Michael explained further. "The problem - and that's why you're seeing that [the nematicide] - they've had problems with nematodes. They did a soil test. Nematodes were... and bacterial wilt.. And it dries out and what happens is, they go into cyst form and they can stay there for three to five years."
Now they've been told by a consultant to cover the soil and to fumigate it with carbofuran (Furadan). This pesticide is banned. And, as Michael reminded me, the Maasai have learned to buy it and use it to kill lions that eat their cattle.
I told Charity a few ideas off the top of my head. A drastic option is solarizing the soil, which involves heating the soil to a temperature that kills everything in it. Of course, since you want lots of microorganisms in your soil, that's the last thing I would do. You can grow a crop or a crop variety that is not susceptible to nematodes and bacterial wilt. And perhaps there are some biological products to buy like beneficial nematodes to take care of the problem. But I don't know which products are available in Kenya, nor do I know which crops are profitable to grow in Kenya. And, unfortunately, Charity can't simply make a decision without considering the financial side of the equation.
Charity's got a built in customer base from a church that supports the charity work. The church members would love to buy organics. But, as Michael said:
There is one organization that I will keep talking to - the Kenya - KOAN - Kenya Organic Agricultural Network. And they charge an arm and a leg for farmers to go organic certified. Then you have to now stop using chemicals and you have a three year phaseout. And you are waiting for the chemicals to get out of the system, so there is a three to our years. And then once you go into that, unfortunately, a farmer who wants to go organically certified will not have the benefit of going online or whatever and order solutions.
In his last sentence, he was referring to the biological controls that I had mentioned earlier. They aren't very available in Kenya. But, he mentioned a weed called Tagetes minuta, locally called michege, and "the roots actually produce chemicals that gets rid of your nematodes." It turns out that Tagetes minuta is a type of marigold. Brassica plants, on the other hand, could help with the nematodes but could compound the bacterial wilt problems. Then he explained solarization to Charity. You cover the soil in plastic and monitor the temperatures in the soil to make sure they get hot enough for a long period of time "that could actually be very good for cleaning out whatever is in there."
Charity responded, saying "The advice we got was to fumigate - cover it for 21 days and let it..."
Michael interjected, "That's the chemical solution. And we are trying to find a solution that is in between. You might not kill everything, but then, you are also not poisoning the soil for a long time. And then the problem," he added, "is their borehole, which is a few hundreds of meters below is also their domestic water. And once you put that chemical in there, it will go into your borehole. And obviously the people that are downstream are going to be taking that chemical in." (Charity's farm is on top of a hill.)
Michael summarized, "The win-win solution here is to go organic, but we don't have the knowledge of how to do it, yet we also need to make money back because you've invested quite a lot."
Then he spoke about the consultants that Charity had hired. He feels like they come in during the rains and everything will be green, and the consultants will get all of the credit for the success. But try following their advice when there is no water, and when everything is at its worst, and that is when you will see their failures.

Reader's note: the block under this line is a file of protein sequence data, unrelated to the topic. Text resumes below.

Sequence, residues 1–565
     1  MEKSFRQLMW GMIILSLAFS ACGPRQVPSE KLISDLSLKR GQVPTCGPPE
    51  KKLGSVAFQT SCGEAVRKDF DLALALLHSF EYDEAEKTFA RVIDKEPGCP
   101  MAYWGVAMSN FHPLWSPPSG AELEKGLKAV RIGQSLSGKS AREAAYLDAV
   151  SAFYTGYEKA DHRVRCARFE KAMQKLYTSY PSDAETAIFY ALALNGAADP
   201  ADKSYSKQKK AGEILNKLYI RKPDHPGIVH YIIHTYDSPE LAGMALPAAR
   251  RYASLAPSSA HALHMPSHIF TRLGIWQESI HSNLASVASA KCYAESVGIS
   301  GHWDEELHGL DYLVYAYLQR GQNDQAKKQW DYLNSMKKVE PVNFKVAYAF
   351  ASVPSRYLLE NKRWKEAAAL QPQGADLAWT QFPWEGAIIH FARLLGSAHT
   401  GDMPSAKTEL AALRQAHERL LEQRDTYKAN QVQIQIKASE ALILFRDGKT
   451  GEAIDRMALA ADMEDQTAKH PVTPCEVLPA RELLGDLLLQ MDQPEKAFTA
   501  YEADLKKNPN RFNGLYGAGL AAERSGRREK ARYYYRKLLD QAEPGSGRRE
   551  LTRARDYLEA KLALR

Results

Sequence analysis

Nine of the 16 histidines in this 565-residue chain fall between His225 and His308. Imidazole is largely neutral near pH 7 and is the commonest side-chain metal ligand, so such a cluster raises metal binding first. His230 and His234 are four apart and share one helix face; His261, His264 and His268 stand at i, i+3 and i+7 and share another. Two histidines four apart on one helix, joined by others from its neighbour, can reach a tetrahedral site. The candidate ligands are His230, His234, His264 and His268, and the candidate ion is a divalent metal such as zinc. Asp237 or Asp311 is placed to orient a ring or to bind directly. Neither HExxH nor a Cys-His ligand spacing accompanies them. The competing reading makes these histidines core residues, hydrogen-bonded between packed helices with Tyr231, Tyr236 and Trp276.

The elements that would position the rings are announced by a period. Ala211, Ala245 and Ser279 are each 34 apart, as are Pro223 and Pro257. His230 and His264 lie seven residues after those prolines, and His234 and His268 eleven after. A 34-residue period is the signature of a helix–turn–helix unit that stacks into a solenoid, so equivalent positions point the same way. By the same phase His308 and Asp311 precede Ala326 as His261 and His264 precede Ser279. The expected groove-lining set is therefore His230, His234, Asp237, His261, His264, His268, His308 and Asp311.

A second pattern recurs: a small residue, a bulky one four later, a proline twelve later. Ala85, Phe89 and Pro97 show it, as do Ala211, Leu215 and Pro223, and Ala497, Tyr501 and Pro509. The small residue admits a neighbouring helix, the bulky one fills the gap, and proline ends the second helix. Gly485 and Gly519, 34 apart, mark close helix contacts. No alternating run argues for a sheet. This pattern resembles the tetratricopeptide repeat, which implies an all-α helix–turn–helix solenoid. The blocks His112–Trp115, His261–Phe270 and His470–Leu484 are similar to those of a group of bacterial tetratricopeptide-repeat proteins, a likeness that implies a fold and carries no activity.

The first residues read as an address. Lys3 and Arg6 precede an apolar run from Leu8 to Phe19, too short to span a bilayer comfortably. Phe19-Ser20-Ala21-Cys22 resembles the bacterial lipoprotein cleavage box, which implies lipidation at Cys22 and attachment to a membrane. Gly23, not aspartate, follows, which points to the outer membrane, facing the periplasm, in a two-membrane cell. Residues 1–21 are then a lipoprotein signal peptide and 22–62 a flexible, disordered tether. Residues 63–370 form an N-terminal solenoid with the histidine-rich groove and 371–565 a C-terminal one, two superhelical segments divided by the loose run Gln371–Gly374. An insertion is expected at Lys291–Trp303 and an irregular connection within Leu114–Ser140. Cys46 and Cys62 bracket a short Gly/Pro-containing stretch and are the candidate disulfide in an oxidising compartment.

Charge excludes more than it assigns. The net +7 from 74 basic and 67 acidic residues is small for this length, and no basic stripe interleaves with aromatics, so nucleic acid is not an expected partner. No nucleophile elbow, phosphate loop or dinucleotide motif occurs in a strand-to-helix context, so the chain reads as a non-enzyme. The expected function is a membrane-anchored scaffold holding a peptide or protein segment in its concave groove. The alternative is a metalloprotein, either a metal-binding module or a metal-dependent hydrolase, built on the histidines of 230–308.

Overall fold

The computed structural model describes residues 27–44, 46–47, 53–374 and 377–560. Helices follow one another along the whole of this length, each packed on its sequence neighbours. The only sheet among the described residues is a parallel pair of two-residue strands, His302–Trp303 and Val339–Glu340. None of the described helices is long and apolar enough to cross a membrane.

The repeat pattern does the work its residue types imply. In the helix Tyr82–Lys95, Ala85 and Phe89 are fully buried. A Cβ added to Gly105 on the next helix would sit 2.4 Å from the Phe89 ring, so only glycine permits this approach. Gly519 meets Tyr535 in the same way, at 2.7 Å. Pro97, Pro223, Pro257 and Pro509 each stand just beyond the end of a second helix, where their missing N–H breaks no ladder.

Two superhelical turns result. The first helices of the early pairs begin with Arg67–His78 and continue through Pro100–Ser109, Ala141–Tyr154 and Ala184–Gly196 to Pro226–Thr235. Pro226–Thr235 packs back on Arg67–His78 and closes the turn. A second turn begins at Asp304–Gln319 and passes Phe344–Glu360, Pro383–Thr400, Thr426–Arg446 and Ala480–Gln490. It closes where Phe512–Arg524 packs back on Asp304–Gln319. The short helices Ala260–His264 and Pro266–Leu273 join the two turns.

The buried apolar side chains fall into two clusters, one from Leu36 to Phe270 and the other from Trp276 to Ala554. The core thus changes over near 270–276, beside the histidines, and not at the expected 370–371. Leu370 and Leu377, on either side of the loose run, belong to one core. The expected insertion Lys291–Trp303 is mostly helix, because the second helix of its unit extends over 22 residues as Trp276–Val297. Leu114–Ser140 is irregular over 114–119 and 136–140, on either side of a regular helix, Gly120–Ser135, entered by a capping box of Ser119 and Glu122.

You have all these chemicals that many farmers don't understand. You have all these new crops that are coming in from the seed companies, and somebody needs to get a little agricultural training. And then they come in as dubious consultants - expats. They are Kenyan but they have either worked with the chemical companies or they know what's going on. And just like now, the other situation, where you have hybrid seeds and then plenty of rainfall and plenty of good soil will make everybody happy and you'll be singing the praises of the seed companies. And saying "Oh I planted that, it's a very good seed.!" But you are not taking into account that everything has been person. You need to get that - what you call - good seed in the worst of times and see how it is doing.
We left the greenhouse and began looking at the maize.
Not much of a harvest here
"The reason we are planting tomatoes," Charity explained, "Is because that's what sells. It's what brings us a good income."
But without crop rotation, the repeated tomato crops in the greenhouse will keep feeding the nematodes and bacterial wilt. I turned to Charity and said, "You have enough land that you can repeatedly grow tomatoes - but not in the same place."
"I know we are looking at other capsicums [peppers]," Michael said.
"But that's still a nightshade," I put in. "Is it still susceptible." Yes, he replied.
We talked about a number of other options - mostly me babbling off the top of my head - but I understand the pressure Charity is under. Certain things just can't be done because the money simply isn't there. Period. If it were my own farm, I would definitely try planting tomatoes well away from the greenhouse in another area where there have not been nightshades growing for a few seasons. I'd intercrop with other plants. I'd mulch it heavily. That seems to work well for me in my garden. I can't understand why the greenhouse was needed in the first place, really. But in the end, I think we all agreed that it might be best for Charity to talk to some of the folks I met in Thika, since they are both organic farmers and Kenyan and they know what grows and what sells in Kenya and what can fetch a good price.
When we left Charity's farm, Michael dropped me back off at the guest house where I was staying, and a few hours later, I went to the airport and I left Kenya. Or at least, my body went home. I think my heart is still there, and my brain might be too.